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Man’s Best Friend

Dog Jack.jpg
Jack was the official mascot of the 102nd Pennsylvania, a volunteer infantry regiment that is now associated with the local York Civil War Round Table.
Soldiers away from home during the Civil War often adopted pets and mascots, including bears, eagles, cats, goats, chickens, and other domesticated animals. The most common pets were, of course, dogs. I cover several of these dog mascots and their combat prowess in my three human interest stories books, and I have been asked to write a book specifically covering animal mascots during the war. Perhaps someday…
The 102nd Pennsylvania is one of two Civil War infantry regiments whose monuments have been “adopted” by the York Civil War Round Table (the other being the 62nd New York). The 102nd had a dog named “Jack” for a regimental mascot. Let’s learn a little more about this famed little mascot, whose ultimate fate was an unsolved mystery.

When the regiment was first organized in August 1861, a group of Pittsburghers from the Niagara Fire Company enlisted, bringing along their fire dog, a black-and-white bull terrier named Jack. As the new soldiers drilled and trained, they likewise accustomed Jack to military life. He came to understand at some cursory basis what the various bugle calls meant and the way the men were supposed to react to them.
Jack was on the field during several fierce battles, and the noise and excitement of battle seemed to energize him. He would run among the troops, wagging his tail and loudly barking. Following the battle, he would wander among the wounded and dead. The fiesty Jack suffered wounds at Malvern Hill and Fredericksburg, but was nursed back to health. According to the regimental historian, he was seized by the Rebels a couple of times.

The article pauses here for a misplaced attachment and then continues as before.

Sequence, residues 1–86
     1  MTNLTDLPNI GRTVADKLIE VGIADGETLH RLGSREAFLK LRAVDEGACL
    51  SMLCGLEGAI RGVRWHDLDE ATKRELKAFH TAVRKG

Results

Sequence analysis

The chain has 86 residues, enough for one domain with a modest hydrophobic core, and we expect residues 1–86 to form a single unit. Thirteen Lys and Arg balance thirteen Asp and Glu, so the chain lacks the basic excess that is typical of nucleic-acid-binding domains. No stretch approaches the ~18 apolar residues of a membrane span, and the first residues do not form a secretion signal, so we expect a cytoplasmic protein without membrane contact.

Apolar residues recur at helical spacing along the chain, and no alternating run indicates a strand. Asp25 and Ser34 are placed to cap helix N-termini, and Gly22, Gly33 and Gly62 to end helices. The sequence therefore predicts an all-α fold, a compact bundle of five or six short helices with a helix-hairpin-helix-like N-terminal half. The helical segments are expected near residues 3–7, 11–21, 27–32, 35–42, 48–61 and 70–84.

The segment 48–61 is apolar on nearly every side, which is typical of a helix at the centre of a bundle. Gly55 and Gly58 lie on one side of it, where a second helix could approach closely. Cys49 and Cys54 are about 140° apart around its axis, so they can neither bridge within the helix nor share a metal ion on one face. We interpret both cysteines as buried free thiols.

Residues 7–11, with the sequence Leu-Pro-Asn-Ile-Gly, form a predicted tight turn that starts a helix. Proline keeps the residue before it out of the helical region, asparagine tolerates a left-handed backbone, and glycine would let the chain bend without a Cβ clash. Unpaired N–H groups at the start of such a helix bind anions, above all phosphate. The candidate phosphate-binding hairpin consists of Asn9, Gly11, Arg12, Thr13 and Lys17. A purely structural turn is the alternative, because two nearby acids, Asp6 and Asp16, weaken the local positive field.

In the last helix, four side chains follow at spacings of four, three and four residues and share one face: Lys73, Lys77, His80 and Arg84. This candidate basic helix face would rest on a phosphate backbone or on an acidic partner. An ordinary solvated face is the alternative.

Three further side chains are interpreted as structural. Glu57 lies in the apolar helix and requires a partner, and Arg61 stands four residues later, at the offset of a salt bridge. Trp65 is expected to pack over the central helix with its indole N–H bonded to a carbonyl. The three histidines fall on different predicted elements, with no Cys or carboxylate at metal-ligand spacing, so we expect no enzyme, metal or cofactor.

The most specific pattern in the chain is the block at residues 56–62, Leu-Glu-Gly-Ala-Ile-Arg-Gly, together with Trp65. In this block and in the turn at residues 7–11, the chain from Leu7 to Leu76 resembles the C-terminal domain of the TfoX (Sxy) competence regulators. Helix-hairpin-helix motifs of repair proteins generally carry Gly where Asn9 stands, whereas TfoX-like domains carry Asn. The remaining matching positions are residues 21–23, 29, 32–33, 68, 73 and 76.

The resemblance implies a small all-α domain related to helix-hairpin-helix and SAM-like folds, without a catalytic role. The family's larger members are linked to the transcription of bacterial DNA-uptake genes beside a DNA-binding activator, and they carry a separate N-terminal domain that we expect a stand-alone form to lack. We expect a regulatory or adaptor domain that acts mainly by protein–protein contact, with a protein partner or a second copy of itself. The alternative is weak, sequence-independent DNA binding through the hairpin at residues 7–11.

Jack was back with the unit during the 1864 Overland Campaign. Later that year in August, his comrades were on furlough in Pittsburgh. They held a special ball in Lafayette Hall and raised $75 to purchase a very expensive beautiful silver-studded collar for Jack. However, a few days later, on December 23, he disappeared at Frederick, Maryland, and was never seen again by the men of the 102nd Pennsylvania. He may have been “dog-napped,” but his whereabouts thereafter are unknown. Some have suggested he was killed by a robber wanting the lavish collar. Grieving soldiers searched in vain for their beloved Jack, but neither he nor his collar ever surfaced again.
A faded photograph of Jack hangs in the Allegheny County Soldiers and Sailors Memorial Hall in Pittsburgh, a tribute to one of Pennsylvania’s bravest and most renown “soldiers.”
There is even a fictional movie about Jack — one that I have not seen, but from the write-up may torture the truth.
And, if you ever spot a silver-studded dog collar for sale at a flea market, take a hard look, Perhaps Jack’s collar still exists???